SOMA begins in 2015 as main protagonist Simon Jarrett, who was previously involved in a car crash and left with brain damage, agrees to an experimental brain scan.  During the brain scan, Simon loses consciousness and awakens alone in what looks to be an abandoned facility of some sort.  Utterly confused, Simon explores the facility and attempts to figure out where he is and what is going on.  This feeling of confusion and isolation sets the tone for most of the game going forward.  While it is tempting to reveal more of the plot in this review, it would be best if I left it as spoiler-free as possible as this game is best experienced with as little knowledge of the plot as possible.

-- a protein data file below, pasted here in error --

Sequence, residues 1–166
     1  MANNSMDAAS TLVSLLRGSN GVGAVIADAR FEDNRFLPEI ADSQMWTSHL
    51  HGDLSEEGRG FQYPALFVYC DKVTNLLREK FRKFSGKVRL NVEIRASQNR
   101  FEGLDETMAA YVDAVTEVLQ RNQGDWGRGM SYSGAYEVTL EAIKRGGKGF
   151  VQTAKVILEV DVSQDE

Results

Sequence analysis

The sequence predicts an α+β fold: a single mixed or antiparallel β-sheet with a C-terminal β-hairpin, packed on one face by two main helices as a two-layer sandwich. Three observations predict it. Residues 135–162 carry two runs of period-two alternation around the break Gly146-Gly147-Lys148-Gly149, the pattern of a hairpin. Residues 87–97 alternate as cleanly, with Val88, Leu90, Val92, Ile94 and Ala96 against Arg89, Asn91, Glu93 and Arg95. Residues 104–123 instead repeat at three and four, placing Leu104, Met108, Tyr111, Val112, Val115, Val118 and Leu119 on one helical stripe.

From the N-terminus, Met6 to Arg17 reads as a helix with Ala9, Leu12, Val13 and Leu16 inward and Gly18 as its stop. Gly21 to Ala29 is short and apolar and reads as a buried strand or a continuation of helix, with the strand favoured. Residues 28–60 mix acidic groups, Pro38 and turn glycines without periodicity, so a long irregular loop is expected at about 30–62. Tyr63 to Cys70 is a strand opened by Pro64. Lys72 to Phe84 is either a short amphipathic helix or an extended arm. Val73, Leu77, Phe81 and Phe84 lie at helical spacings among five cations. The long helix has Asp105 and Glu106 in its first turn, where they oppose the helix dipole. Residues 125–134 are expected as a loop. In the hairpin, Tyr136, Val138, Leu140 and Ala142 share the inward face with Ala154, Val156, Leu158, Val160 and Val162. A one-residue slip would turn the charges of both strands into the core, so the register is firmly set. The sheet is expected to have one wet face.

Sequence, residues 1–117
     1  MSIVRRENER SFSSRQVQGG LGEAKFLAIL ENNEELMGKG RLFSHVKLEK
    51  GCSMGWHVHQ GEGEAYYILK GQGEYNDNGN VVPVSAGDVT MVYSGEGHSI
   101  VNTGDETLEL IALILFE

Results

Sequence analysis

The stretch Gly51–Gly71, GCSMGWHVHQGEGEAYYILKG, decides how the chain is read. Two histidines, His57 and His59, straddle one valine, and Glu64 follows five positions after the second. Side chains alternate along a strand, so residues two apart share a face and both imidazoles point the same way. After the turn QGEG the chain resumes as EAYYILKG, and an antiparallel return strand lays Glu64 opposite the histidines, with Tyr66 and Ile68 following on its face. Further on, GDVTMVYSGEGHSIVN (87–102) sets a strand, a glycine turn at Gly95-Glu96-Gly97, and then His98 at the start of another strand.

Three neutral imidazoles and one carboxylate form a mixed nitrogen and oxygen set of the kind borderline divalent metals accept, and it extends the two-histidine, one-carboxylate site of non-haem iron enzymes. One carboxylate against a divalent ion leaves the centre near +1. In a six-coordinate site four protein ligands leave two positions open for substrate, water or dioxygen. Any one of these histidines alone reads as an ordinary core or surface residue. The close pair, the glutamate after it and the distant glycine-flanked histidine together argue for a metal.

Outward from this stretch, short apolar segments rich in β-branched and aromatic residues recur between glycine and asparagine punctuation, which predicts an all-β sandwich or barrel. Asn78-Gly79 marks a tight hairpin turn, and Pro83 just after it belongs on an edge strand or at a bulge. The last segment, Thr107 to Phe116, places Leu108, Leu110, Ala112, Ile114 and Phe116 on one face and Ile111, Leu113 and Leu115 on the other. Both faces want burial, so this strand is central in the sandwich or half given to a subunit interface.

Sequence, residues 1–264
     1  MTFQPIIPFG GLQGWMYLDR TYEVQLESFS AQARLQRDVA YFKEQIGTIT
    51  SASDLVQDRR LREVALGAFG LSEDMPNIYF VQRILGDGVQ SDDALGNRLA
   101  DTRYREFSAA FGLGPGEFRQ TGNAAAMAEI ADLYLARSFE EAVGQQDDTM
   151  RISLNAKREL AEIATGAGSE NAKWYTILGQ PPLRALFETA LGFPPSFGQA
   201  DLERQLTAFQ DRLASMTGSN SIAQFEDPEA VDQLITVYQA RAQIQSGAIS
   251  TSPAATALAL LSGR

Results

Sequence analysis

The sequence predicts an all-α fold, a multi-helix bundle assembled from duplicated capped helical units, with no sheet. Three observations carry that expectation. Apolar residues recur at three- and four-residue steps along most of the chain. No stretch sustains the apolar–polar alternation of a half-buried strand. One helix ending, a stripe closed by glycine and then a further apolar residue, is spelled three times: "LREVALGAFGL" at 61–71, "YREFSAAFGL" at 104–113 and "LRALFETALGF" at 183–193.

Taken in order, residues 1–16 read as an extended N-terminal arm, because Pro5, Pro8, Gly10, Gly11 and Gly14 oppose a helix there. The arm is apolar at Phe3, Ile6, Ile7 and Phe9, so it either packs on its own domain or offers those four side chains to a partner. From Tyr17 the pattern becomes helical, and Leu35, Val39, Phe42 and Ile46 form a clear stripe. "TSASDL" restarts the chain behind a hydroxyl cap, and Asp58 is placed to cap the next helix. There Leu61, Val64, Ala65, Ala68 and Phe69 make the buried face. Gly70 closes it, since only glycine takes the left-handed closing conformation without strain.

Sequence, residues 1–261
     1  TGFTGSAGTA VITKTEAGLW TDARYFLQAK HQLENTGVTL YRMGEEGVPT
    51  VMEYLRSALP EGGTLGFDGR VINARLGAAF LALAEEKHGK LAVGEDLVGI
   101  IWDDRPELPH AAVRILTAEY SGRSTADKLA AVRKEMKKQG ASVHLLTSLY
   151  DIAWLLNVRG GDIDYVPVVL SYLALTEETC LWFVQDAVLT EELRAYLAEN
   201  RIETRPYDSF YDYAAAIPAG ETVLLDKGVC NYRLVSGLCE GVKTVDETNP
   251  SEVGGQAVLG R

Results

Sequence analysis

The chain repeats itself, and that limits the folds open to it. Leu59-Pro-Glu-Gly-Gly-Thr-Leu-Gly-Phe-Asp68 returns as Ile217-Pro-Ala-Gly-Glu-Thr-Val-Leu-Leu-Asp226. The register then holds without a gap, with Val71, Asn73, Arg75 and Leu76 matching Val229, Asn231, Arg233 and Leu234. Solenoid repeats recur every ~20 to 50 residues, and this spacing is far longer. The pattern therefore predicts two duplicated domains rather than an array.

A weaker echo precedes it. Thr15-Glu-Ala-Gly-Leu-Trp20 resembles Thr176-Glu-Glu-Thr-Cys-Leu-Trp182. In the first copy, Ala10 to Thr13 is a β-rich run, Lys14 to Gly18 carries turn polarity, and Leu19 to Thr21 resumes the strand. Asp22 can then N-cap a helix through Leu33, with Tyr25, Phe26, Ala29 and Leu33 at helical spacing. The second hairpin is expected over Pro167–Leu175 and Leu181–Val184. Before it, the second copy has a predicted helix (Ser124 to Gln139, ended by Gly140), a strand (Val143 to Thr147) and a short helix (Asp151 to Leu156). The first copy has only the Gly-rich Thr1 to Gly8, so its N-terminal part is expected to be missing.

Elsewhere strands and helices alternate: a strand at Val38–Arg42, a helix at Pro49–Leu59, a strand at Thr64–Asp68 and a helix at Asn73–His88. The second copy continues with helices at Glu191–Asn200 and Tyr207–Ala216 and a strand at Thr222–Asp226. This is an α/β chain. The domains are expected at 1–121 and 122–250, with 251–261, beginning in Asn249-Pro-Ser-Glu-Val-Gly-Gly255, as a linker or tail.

Being primarily a story-driven experience, the story of SOMA is the highlight of the game.  Much of the story is told through the interactions between Simon and another NPC, although there are many things such as audio logs and crew email that can be found to deepen the backstory.  The story becomes quite philosophical as it progresses and will present you with choices that will make you question your own morality and what it means to be "alive."  There are some great plot twists that occur throughout the game as well, and while some players may see them coming, the excellent ways that they are presented keeps them effective.  Even if the gameplay of SOMA is not something you would normally be interested in, it is still worth it to experience the game in some fashion for its great story alone, even if that means watching it in its entirety on YouTube.